MDN Web Docs changelog
This document provides a record of MDN content processes, constructs, and best practices that have changed, and when they changed. It is useful to allow regular contributors to check in and see what has changed about the process of creating content for MDN.
The MDN project documentation is refreshed and organized under two main categories:
- Writing: Documentation about how to write for MDN, what we document, definitions of experimental, style guidelines and so on are found under the Writing guidelines pages.
- Community: Information about open source etiquette, discussions, processes for pull requests and issues, users and teams, and general hints for contributors are found under the Community pages.
For more details on what has changed, see the Revamp of MDN Web Docs Contribution Docs blog post published to Mozilla Hacks.
Conversion to Markdown is done, so remove the old CSS style guide and redirect to the Markdown in MDN page.
Updates to CSS style guide for Markdown
Multiple updates to the CSS style guide to reflect the move towards Markdown, and encourage authors to write HTML in a Markdown-compatible way.
Note and warning boxes no longer have a separate
<h4>heading for the title (e.g.
<h4>Warning</h4>). See our Markdown in MDN guide for the correct syntax.
seoSummaryclass should no longer be used.
standard-tableclass should no longer be used. The styling provided by this class is now applied to tables by default.
<details>element should no longer be used.
example-badclasses used to be primarily for code blocks but could be used on other elements. Now they can only be used on code blocks.
This was problematic — many developers were confused by this, and it conflicts with valid syntax forms in other programming languages (e.g.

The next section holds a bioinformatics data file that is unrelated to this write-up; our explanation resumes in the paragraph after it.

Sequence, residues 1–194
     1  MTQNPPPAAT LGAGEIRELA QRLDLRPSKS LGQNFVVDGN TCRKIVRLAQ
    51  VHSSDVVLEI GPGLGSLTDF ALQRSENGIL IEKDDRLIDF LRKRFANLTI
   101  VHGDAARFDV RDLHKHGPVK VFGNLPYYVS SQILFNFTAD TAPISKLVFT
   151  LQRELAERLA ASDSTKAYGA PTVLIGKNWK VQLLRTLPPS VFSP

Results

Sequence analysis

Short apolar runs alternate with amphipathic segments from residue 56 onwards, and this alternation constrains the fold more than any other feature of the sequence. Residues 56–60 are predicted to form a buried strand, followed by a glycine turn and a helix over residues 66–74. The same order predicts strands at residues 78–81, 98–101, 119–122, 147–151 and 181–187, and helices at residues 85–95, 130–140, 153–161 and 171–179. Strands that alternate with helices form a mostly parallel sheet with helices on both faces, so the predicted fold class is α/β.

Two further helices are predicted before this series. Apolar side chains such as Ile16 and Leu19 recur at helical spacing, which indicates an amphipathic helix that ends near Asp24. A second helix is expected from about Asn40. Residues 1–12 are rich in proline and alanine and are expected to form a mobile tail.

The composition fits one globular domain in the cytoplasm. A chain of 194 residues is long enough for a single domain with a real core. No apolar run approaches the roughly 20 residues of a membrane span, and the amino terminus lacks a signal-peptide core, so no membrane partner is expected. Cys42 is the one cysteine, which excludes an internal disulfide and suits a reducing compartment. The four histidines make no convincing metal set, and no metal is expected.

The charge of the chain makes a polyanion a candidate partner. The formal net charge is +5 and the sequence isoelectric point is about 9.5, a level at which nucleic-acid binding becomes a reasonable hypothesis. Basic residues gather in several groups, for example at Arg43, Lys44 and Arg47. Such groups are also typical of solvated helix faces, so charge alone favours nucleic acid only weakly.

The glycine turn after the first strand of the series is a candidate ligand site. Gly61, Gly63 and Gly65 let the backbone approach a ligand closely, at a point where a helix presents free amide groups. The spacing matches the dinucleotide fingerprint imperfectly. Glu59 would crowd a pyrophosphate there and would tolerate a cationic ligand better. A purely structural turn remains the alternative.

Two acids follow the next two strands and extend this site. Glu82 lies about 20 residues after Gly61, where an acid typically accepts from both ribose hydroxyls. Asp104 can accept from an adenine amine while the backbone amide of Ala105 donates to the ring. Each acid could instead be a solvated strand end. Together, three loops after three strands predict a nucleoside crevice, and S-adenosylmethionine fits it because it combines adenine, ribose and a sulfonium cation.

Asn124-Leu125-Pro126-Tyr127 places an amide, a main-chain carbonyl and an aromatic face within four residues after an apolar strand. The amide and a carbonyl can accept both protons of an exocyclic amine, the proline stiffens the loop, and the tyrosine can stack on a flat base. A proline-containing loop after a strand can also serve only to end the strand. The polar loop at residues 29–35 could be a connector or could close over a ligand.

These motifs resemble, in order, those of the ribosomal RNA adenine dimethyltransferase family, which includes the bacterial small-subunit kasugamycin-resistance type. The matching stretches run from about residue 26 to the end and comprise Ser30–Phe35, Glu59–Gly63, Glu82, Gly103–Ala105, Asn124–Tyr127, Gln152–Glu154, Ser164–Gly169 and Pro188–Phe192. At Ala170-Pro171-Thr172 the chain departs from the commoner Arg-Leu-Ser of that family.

As a result, going forward we are now writing multiple syntax forms of a method on separate lines inside the syntax block. See Syntax sections > Multiple lines/Optional parameters for further information and examples.
Interface mixins in Web IDL are used in specifications to define Web APIs. For web developers, they aren't observable directly; they act as helpers to avoid repeating API definitions.
Previously we commonly defined a landing page for a mixin class itself, and put the defined members on subpages underneath it, before linking to those from the landing pages of the interfaces that implement those mixins. This was confusing for readers because mixins are spec constructs — you never access the defined members using the mixin classes. To avoid this confusion we've instead put the pages for members defined on mixins directly under the implementing class pages. For more details, see the guide page on how to write an API reference and the discussion leading to this change at mdn/content#1940.
Markup for note and warning boxes
Previously on MDN, note and warning boxes would be wrapped by
<div> elements with
warning classes, respectively. More often than not, their first paragraphs would start with a
In January this changed — the
class attribute should now include an additional
notecard class, and the strong text is instead included in a heading at the top of the block.
See our Markdown in MDN guide for further information and syntax guides.